Across the country, a new wave of creative retailers are stitching up a lucrative market.
Design success you can put your shirt on
"The Khaleeji culture, that of the Gulf region, is kind of lost within this whole diversity," said Sheikha Manar Al Hinai, an Omani national, who launched her brand Lucky Nooni in April. "Ten years ago, you would see women wearing the burqa. You barely see them now. So I'm trying to let this new generation now be in touch with their culture, with their region." Tamara al Gabbani, who co-launched the Dubai-based T-shirt brand House of GlaMO in December, said young designers based in the Emirates in recent years were increasingly combining local heritage themes with fashion. "Now, you're seeing that on T-shirts and entire fashion lines with that Arabic influence," she said. "The local heritage and the influence on these modern fashion items."
And there is money to be made with these simple fashion pieces. The price of designer shirts from both House of GlaMO and Lucky Nooni start at about Dh250 (US$68.06). These two fashion brands enter the retail market as it recovers from the global economic downturn. Retailers struggled last year as consumers reduced spending. To lure hesitant shoppers, many of the big luxury brands and department stores cut prices, making it harder for smaller designers to compete. There are few statistics on the local fashion industry, but consumer spending on garments, clothing and accessories in the UAE was about $4.8bn last year, the research consultancy Euromonitor International says. Clothing and accessories sales are forecast to grow by a modest 2.7 per cent to $5bn this year, Euromonitor data show.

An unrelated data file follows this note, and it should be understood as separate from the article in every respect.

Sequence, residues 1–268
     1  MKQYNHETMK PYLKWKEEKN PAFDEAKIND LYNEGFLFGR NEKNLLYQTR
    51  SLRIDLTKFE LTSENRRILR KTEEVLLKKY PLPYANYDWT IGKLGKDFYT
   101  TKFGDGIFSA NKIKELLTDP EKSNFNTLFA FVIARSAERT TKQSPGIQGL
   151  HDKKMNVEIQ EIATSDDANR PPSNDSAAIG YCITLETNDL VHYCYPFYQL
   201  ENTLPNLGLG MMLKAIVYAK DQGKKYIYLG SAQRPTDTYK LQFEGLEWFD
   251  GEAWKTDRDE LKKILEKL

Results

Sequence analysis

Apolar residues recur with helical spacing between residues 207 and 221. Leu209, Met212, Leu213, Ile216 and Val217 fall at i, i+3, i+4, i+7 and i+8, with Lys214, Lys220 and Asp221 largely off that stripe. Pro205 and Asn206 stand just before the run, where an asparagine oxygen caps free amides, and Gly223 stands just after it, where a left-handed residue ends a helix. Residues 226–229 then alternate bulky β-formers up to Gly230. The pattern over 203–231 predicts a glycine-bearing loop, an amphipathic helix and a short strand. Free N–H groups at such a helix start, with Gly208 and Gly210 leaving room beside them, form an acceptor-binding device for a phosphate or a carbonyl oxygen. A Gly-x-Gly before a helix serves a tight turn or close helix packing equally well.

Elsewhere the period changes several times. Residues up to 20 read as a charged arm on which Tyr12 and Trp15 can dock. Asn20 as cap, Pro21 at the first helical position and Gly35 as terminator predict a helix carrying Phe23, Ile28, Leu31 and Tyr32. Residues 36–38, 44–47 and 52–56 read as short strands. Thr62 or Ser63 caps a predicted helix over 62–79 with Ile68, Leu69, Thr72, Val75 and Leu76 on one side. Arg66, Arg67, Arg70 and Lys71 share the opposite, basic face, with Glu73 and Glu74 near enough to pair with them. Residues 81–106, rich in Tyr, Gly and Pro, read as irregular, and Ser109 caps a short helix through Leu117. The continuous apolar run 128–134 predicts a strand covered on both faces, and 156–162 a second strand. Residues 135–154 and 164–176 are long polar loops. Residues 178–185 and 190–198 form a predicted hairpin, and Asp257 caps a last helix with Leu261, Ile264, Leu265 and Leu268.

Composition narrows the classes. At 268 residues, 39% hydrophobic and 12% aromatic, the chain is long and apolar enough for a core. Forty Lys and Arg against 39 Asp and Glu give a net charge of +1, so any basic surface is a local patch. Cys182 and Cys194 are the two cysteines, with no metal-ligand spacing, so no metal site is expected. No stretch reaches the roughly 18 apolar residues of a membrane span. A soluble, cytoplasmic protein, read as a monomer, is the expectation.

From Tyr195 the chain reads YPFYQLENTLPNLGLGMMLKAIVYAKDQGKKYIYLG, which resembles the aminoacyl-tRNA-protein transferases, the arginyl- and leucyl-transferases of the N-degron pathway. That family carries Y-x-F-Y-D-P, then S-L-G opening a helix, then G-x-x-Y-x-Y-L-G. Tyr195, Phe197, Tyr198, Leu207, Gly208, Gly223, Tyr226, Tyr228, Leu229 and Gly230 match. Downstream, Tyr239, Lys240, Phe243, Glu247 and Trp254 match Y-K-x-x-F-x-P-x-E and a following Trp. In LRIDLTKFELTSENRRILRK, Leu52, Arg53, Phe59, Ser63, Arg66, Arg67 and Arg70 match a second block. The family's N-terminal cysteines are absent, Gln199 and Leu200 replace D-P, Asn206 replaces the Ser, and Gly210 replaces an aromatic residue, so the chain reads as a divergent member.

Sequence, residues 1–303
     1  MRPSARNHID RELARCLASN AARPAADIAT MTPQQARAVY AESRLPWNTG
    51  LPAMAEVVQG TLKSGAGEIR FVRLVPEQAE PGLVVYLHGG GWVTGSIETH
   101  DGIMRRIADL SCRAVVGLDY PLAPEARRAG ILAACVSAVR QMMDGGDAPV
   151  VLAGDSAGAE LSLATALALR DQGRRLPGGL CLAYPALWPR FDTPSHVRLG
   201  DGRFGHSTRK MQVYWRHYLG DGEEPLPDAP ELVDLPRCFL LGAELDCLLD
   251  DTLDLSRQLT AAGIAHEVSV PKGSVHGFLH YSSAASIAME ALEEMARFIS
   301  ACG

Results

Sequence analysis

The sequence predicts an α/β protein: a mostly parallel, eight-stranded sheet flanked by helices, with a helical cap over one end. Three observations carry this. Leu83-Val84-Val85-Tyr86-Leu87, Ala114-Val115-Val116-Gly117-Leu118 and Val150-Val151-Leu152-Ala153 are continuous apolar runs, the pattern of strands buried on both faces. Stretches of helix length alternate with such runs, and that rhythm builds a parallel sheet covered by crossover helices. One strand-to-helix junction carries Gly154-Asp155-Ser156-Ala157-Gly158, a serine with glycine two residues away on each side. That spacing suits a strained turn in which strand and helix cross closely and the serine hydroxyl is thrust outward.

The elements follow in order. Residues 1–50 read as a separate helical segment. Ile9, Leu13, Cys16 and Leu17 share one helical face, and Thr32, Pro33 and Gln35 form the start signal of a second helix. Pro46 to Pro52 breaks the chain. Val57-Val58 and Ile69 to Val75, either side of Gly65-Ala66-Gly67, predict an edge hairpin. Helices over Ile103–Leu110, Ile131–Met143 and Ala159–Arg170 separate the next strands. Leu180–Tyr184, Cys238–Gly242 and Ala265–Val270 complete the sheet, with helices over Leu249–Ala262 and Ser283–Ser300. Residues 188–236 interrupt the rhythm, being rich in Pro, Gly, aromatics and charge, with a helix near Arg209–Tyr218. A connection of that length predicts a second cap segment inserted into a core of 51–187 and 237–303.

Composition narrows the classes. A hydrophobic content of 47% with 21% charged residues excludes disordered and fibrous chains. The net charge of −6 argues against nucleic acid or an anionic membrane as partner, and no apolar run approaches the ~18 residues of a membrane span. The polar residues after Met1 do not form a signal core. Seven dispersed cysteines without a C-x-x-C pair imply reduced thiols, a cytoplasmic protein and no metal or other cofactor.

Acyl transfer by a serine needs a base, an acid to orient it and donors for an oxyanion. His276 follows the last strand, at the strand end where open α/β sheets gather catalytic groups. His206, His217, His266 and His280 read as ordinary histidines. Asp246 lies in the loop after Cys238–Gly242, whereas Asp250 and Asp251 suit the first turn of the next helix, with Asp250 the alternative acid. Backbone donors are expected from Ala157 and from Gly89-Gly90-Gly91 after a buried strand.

But these new brands are hoping to stand out from the crowd with their culture-infused designs. Sheikha Manar's brand, whose other hand-made designs include images of the popular Middle Eastern singer Umm Kulthum, is mainly sold online but has attracted customers from the other side of the globe. "I had customers from Louisiana, USA," said the Abu-Dhabi based designer. "I was really shocked." House of GlaMO's designs have featured more recent Gulf cultural phenomena. One of its shirts is emblazoned with the slogan "Leave Lamees Alone", the phrase that became a response to the backlash against comments made by the Emirati wife and mother, Lamees Hamdan, who appeared on the US television chat show Oprahlast year.
Those T-shirts sold out among customers not just from the UAE but from Europe and the US as well, the half-Arab, half-Serbian designer said. "We have had an international demand, very surprisingly so," she said. "People from Texas, Greece, places that we have no advertising. I don't even know how they've heard about us, but they have been ordering our T-shirts online. I guess that's the power of the internet."
The Web has been a key tool in helping these designers flourish. As more consumers become comfortable shopping on the internet, it helps these new designers avoid the costs involved in a bricks-and-mortar store. And for Sheikha Manar, one of the main ways of driving business to her online boutique is through social media sites such as Facebook, e-mails and BlackBerry Messenger services. "That [approach] proved to be very successful," she said.
Also, as far as fashion goes, the T-shirt is a universal item, added Ms al Gabbani. "They're not extortionate and they are accessible to the public ? T-shirts are the easiest fashion items to purchase. Trousers or jeans have to be the right fit. A T-shirt pretty much fits everyone." @Email:firstname.lastname@example.org